The story of the
Pieta's coming to America began in the fall of 1962, when His
Eminence Francis Cardinal Spellman asked Pope John XXIII to permit
Michelangelo's magnificent sculpture to be placed on exhibit
in the proposed Vatican Pavilion at the New York World's Fair.
Good Pope John agreed to the request and added that he would
also loan, for the same purpose, as a gesture of appreciation
for all America had done for the rest of the world, the ancient
statue of Christ, the Good Shepherd. Pope Paul VI confirmed the
actions of his predecessor and on the night of April 2, 1964,
packed to withstand the rigors of a long land and sea voyage,
the Pieta left the Basilica of St. Peter in Vatican City for
the first time since Michelangelo placed it there.
Cushioned within a sturdy
wooden case by the most modern materials science has devised
and further secured inside a waterproof metal container, the
Pieta spent its first night outside the Basilica in a courtyard
of Vatican City.
Early on Sunday
morning, April 5th, at the request of those to whom the safety
of the statues had been entrusted, the TN CRISTFORO COLOMBO,
flag ship of the Italian Line, moved slowly -- not into its regular
passenger pier berth -- but into the Floating Dry-dock in the
port of Naples served by the only derrick able to place the statues
in the location aboard ship selected to provide the greatest
possible protection for them.
Within an hour both the
Pieta and the Good Shepherd were aboard the COLOMBO and, after
returning to its regular berth and taking on its passengers,
the pride of the Italian Line sailed for New York with its precious
The plans formulated for
the transport of the two Vatican treasures were as detailed and
complete as months of careful preparation and study could make
them. The Good Shepherd, packed in two concentric wooden cases
each containing its own layer of cushioning material and wrapped
in an asbestos blanket to protect it from fire, was placed in
a separate compartment in the hold of the ship. The lashings
and condition of the statue were inspected daily by a ship's
officer and a member of the Pieta Transport Committee.
The Pieta, its
exterior case painted white with shipping marks of blue and topped
in brilliant international orange, the color most discernible
at sea, traveled lashed to steel deck shoes placed in position
a few days earlier while the COLOMBO was in Genoa. Steel guy
wires equipped with hydrostatic releases able to fee the entire
package from its confining cables, should it sink below the surface
of the sea, held the Pieta case to its deck fittings. As an added
safety measure, a signaling light buoy ready to go into operation
at a moment's notice was placed nearby so that if the necessity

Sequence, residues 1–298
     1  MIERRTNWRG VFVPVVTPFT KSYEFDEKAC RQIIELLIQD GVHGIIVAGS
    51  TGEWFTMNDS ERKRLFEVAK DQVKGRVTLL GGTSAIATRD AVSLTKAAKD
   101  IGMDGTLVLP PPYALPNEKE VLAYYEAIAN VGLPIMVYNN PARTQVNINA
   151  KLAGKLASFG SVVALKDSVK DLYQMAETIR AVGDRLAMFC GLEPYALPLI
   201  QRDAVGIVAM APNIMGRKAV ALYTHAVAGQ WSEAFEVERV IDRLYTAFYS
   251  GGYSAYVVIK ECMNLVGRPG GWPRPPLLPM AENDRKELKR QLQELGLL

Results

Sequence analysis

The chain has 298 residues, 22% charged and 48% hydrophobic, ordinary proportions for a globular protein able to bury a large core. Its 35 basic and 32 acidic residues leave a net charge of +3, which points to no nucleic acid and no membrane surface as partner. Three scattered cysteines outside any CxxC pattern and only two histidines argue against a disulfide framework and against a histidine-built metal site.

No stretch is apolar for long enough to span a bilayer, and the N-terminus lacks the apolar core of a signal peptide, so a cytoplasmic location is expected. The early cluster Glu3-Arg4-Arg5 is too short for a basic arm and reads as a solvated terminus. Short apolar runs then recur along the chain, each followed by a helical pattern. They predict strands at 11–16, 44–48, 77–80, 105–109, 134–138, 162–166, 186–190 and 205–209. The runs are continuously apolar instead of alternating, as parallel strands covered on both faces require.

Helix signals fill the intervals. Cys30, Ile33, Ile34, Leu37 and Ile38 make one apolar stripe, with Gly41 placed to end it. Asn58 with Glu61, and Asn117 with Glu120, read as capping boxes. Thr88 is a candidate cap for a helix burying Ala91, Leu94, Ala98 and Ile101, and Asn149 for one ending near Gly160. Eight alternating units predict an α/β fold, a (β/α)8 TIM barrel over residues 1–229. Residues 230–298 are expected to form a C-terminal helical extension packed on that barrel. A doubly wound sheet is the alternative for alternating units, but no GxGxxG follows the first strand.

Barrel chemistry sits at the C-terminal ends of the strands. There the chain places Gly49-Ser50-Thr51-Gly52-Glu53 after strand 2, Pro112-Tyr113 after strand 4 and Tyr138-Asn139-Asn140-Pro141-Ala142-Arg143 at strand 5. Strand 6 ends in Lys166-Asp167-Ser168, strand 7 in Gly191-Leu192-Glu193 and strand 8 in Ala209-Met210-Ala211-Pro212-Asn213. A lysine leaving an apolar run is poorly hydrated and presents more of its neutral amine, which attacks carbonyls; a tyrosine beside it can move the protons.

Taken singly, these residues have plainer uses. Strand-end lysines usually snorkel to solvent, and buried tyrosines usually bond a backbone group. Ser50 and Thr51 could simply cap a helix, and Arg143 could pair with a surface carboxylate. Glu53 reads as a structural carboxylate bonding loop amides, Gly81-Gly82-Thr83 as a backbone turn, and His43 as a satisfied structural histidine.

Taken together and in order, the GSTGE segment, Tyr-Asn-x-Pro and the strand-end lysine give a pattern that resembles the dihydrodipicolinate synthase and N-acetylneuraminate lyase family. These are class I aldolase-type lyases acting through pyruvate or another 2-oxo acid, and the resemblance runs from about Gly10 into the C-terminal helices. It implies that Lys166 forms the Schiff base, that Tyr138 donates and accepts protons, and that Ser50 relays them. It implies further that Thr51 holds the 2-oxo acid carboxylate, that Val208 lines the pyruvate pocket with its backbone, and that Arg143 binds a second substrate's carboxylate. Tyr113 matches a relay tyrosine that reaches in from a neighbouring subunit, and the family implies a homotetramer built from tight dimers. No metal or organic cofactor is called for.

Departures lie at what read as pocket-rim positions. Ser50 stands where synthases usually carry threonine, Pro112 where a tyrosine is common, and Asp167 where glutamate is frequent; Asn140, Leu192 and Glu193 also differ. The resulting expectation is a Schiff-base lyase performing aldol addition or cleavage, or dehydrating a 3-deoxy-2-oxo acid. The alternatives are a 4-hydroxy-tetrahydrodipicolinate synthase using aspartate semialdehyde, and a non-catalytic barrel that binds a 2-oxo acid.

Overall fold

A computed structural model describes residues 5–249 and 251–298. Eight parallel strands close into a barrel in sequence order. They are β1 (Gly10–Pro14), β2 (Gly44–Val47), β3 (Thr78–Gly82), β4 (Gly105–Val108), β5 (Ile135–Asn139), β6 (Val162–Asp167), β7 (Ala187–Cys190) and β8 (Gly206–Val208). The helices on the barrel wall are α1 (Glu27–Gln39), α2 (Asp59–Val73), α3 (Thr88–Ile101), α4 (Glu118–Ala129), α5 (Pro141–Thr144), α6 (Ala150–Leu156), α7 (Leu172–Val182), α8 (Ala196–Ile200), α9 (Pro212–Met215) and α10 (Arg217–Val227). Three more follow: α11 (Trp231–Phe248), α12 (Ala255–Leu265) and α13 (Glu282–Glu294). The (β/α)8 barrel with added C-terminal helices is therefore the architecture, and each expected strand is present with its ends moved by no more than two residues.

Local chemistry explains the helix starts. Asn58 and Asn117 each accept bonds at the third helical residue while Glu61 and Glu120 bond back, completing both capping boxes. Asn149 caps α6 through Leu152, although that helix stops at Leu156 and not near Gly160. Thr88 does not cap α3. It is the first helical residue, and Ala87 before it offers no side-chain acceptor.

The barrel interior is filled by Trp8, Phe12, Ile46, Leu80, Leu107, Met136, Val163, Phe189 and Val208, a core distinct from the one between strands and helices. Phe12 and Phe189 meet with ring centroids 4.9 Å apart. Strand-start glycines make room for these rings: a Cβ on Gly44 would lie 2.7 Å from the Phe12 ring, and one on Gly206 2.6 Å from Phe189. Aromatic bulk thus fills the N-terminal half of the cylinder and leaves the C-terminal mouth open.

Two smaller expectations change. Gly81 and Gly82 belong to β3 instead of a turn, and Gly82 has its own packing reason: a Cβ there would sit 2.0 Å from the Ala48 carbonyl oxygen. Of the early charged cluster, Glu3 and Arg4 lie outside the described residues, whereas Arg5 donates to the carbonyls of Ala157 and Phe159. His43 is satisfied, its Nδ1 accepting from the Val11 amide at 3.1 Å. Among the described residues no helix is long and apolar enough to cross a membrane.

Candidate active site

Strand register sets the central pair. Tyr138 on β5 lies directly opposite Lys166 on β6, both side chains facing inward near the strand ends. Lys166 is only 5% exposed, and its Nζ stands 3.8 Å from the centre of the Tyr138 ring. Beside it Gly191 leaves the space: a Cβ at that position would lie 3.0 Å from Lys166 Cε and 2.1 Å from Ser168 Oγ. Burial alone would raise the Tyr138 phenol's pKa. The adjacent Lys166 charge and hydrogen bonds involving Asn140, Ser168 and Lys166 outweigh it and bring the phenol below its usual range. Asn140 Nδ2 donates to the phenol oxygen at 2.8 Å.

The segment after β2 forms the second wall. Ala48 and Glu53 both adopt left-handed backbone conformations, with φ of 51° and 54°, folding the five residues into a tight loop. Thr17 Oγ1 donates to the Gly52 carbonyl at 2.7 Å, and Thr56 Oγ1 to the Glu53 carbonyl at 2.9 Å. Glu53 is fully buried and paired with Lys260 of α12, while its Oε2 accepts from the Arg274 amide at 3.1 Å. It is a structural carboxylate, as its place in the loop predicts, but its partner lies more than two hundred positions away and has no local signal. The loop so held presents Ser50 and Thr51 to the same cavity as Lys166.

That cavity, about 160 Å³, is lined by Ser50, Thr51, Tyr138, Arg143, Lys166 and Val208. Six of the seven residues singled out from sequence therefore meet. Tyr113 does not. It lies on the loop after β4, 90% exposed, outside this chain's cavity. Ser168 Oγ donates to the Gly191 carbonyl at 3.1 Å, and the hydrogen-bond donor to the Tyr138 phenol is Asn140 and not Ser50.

arose it would signal over the international radio distress frequency
the location of the Pieta and would power a flashing beacon visible
fifteen miles at sea level and fifty miles at air search height.
Throughout the voyage two seamen guarded the precious cargo.
(The Pieta was insured for six million dollars; the Good Shepherd
for two million dollars.)
Eight days later, the port
of New York welcomed the COLOMBO and its distinguished cargo
as tug boat horns blared and banners streamed in the early morning
Moments after the COLOMBO
eased into its berth at its Hudson River pier, the Pieta and
the Good Shepherd were removed from the ship by the waiting derrick-barge
"Challenger." To avoid the heavy
Monday morning East River traffic and the danger of bringing
the statues through Hell Gate at the river's race rather than
at slack tide, it was decided to hold the statues on the derrick-barge
at the pier overnight.
The following morning,
April 14th, the statues began their second voyage as two solicitous
tugs carefully guided the barge down the Hudson River around
Manhattan Island, and up the East River to Flushing Bay.
Arriving at Whitestone
Parkway Bridge over Flushing Inlet in the same kind of heavy
downpour that had plagued their lorry trip from Rome to Naples,
the statues were promptly hoisted to trucks already in position
on the bridge forty feet overhead. A few minutes later, their
long 4,500 mile journey ended as the truck carrying them rolled
to a stop alongside the Vatican Pavilion in the World's Fair
On Thursday, April 16th
the Pieta and the Good Shepherd were placed on their respective
pedestals within the Pavilion. On Sunday, April 19th, in the
presence of several hundred distinguished visitors, the Pieta
was unveiled by His Eminence Paul Cardinal Marella, Legate of
Pope Paul VI.